"I didn't take it lightly," Hamilton said of his vote, adding that people back home support his position.

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Democrats gained Hamilton's support after a provision was included that would benefit Highway 60 in his district.

Still, Hamilton said he called House Minority Leader Marty Seifert, R-Marshall, before the vote to say he would resign from his post as the top Republican on an agriculture committee. Legislators who hold key committee and leadership positions generally are expected to vote with their party. Seifert said Hamilton was not forced to leave the post.

"I didn't feel pressured at all," Hamilton said. "I chose to do that."

Rep. Larry Howes, R-Walker, said citizens in his northern Minnesota district do not want tax increases.

"They think it's too big of a bill," said Howes, who voted to sustain Pawlenty's veto.

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Roads in his area of the state are in pretty good shape, Howes added.

Howes said he believes some legislators who backed the override will have second thoughts about that decision after Thursday, when a state budget deficit worse than $373 million is expected to be announced.

"It's a tough call for everybody - no matter what side you're on," Howes said of voting on a veto override.

Two House Democrats who voted against the bill Thursday, including Rep. Mary Ellen Otremba of Long Prairie, returned to their DFL ranks on the override vote.

Otremba said she decided to help overturn the veto after hearing from constituents over the weekend. She said they told her they do not like tax increases, but understood there would be benefits from the legislation, including new construction jobs.

"All of them said: 'We trust you. Go with your heart,'" Otremba said. "That was kind of refreshing."

Otremba also said she believed this was the best transportation package that rural Minnesota will see.

"For a while, anyway," she said.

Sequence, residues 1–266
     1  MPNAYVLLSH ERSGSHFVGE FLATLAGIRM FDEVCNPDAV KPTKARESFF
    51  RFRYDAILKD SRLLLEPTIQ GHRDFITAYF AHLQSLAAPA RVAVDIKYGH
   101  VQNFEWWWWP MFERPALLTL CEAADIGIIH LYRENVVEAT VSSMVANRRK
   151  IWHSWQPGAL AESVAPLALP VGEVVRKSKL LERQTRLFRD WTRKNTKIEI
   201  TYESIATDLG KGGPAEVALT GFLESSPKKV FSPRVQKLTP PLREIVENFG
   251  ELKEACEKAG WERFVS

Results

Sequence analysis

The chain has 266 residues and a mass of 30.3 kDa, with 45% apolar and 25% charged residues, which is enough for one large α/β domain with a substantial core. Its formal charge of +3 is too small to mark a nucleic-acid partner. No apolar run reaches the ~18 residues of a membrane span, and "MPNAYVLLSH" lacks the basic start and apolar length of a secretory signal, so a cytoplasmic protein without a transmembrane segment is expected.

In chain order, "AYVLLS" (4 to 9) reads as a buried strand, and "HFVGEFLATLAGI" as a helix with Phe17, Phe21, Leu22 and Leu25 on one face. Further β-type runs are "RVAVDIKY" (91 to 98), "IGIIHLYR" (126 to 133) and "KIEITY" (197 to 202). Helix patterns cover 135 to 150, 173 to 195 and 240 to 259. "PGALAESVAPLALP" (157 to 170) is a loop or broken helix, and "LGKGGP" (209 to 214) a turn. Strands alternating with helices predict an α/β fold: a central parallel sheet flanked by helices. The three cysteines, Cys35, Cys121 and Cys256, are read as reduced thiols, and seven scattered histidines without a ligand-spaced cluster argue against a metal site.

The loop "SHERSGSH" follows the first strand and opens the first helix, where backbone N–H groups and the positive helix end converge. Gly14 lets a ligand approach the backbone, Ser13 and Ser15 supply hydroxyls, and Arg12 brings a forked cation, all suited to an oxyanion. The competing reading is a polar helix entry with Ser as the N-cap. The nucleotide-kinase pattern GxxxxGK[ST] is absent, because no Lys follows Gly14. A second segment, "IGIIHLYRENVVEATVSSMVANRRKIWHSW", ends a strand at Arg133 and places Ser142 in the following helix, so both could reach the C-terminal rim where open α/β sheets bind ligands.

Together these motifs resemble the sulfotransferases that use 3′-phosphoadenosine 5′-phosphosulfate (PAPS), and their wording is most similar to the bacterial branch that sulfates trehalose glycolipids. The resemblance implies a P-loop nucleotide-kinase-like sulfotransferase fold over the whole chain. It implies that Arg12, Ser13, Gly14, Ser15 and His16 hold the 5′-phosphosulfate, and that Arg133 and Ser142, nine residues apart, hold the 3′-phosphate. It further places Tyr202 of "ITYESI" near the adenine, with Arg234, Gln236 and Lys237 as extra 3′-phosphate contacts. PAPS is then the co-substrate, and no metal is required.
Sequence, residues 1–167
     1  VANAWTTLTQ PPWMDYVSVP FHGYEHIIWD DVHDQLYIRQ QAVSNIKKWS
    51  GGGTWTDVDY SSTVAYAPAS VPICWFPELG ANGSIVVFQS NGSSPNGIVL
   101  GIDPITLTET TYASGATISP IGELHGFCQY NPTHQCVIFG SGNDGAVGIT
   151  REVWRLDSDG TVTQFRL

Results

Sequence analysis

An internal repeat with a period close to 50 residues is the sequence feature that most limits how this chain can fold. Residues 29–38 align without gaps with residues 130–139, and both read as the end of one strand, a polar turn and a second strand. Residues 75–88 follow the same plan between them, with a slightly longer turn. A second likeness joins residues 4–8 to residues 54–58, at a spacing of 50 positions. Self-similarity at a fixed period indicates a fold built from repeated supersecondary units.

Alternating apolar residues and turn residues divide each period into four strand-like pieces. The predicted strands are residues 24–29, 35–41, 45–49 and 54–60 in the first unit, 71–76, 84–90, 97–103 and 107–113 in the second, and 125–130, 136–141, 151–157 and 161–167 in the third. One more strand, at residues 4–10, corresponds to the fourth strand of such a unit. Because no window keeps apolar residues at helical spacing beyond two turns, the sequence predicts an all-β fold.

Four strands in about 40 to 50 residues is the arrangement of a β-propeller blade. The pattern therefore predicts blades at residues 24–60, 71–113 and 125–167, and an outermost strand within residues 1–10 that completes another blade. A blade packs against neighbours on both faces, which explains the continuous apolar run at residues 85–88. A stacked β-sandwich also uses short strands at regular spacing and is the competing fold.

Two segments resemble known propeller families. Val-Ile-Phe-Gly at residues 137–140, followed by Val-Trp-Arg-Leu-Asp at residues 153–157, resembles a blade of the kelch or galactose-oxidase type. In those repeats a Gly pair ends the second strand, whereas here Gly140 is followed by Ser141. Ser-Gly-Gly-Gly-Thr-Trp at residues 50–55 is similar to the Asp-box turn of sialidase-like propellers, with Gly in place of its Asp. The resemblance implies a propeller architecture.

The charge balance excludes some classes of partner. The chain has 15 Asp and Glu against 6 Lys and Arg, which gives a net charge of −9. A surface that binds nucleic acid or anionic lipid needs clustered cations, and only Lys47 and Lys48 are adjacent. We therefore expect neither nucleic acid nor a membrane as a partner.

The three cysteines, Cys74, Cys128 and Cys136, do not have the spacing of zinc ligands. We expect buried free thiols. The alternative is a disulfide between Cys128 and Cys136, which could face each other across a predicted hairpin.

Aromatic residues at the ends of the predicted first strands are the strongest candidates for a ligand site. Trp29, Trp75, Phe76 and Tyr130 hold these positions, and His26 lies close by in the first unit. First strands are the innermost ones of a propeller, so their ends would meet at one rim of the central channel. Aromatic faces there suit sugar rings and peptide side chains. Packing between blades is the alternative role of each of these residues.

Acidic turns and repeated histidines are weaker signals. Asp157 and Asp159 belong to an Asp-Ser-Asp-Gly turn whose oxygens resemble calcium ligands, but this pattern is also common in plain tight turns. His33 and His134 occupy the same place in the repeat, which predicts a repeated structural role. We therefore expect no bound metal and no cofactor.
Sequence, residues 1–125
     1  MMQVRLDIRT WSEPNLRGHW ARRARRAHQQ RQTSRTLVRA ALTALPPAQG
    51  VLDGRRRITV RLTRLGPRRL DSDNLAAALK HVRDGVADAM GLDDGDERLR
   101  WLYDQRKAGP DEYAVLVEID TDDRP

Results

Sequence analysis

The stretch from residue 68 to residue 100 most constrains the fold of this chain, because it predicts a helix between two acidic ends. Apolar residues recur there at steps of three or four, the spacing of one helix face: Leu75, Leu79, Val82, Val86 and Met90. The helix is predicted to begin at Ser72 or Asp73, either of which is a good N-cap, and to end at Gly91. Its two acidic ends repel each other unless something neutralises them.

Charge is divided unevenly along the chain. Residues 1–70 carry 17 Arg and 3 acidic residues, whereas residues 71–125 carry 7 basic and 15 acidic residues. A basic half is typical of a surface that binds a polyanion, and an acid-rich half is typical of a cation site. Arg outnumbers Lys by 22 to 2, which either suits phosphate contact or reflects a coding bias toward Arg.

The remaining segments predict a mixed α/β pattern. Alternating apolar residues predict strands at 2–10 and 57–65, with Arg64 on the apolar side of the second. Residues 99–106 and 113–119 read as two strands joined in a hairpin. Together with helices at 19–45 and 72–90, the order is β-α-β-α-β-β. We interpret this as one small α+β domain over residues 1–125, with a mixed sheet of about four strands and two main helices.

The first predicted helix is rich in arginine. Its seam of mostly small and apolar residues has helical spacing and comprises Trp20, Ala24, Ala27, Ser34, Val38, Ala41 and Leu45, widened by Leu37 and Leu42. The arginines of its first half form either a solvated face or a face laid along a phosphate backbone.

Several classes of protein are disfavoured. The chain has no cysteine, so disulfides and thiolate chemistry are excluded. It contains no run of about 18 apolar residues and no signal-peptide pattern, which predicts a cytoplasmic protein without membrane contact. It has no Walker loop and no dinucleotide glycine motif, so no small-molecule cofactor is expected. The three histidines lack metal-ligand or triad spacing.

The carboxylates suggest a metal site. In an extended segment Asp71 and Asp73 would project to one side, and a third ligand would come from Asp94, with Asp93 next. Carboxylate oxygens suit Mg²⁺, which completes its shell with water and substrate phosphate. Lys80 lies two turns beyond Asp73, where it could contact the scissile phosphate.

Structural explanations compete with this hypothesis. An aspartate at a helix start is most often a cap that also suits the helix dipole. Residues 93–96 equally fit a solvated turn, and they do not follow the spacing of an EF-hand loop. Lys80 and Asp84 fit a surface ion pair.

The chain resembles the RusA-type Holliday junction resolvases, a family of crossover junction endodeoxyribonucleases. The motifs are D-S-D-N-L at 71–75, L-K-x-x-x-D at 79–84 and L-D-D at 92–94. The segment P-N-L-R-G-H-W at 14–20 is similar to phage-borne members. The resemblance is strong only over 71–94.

Rep. Bud Nornes, R-Fergus Falls, said he dined in Pelican Rapids over the weekend and nobody sitting with him brought up the transportation funding issue. It is not as big a concern for average Minnesotans as Democrats claim, he said.

"They trust us," Nornes said of Minnesotans. "They hope that we do the right thing, but they're not clamoring for us to raise their taxes today."

Sen. Joe Gimse, R-Willmar, said this week is not a good time to pass a big tax-funded transportation package given the fact that a new economic forecast containing a larger budget deficit, perhaps up to $1 billion, comes out Thursday.

Added Gimse: "We are dealing with a budget in crisis."

"What are we thinking here?" Gimse asked. "Why can't we wait until after Thursday?"

Sen. Bill Ingebrigtsen, R-Alexandria, said he hears the current projection of a $373 million deficit will grow on Thursday.

"I hear people are going to be real happy if we end up with something less than $1 billion," Ingebrigtsen said.

Pawlenty met with House and Senate Republicans late last week. Some emerged from the House meeting saying that Pawlenty may have given them indirect permission to vote for an override. Pawlenty strongly disagreed.

The GOP governor said that "I repeatedly and explicitly made it clear that this was a bad bill and wanted my veto to be sustained." However, he added, he did tell Republicans determined to override to vote for that right away instead of waiting for future votes.

"We did not in any way tell them that we wanted it to be overridden," he said.

Pawlenty sad he talked to several Republican lawmakers by telephone Monday and sent e-mails to other, all in an unsuccessful effort to convince wavering Republicans to stick with him.

"I feel very good about the veto," he said.

Asked by reporters if he was satisfied with Pawlenty's work to protect the override, Seifert said tersely: "Sure."

Seifert said House Republicans will meet later this week to discuss whether the GOP members who voted to override the governor should see changes to their staffing levels or leadership positions as a result of their vote.